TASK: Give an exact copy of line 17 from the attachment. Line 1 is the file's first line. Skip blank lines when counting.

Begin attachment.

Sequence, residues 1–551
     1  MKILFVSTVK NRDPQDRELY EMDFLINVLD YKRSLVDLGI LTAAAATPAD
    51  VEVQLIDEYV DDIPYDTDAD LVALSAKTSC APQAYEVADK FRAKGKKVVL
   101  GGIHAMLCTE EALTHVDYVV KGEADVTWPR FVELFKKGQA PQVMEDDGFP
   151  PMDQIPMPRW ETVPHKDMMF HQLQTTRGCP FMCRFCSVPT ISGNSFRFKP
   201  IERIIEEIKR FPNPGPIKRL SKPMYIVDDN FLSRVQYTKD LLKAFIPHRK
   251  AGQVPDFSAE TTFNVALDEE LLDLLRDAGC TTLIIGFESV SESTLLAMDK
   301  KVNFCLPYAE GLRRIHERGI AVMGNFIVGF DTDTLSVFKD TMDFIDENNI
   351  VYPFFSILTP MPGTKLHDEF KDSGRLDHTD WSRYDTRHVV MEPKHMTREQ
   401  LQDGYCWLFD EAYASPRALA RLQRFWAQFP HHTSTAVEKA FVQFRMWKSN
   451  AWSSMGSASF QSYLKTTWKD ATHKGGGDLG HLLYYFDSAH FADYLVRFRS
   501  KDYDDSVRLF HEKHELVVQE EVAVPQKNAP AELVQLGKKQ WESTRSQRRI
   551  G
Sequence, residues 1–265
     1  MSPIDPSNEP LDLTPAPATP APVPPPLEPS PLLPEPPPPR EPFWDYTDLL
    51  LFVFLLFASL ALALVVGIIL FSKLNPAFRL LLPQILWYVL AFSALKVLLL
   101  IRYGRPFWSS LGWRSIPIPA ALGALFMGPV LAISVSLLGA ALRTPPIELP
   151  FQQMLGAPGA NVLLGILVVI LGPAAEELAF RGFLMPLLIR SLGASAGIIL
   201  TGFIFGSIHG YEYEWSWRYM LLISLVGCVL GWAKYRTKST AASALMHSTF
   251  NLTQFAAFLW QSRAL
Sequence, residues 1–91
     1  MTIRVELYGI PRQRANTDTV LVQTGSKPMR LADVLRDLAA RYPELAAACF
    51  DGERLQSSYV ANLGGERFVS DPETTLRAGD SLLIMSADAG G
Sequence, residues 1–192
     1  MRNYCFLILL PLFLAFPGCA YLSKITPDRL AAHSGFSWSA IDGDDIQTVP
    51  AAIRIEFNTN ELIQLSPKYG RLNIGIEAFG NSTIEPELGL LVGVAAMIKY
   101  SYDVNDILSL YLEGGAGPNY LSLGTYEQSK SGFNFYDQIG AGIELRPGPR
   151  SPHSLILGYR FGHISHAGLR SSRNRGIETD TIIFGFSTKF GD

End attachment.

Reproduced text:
   101  IRYGRPFWSS LGWRSIPIPA ALGALFMGPV LAISVSLLGA ALRTPPIELP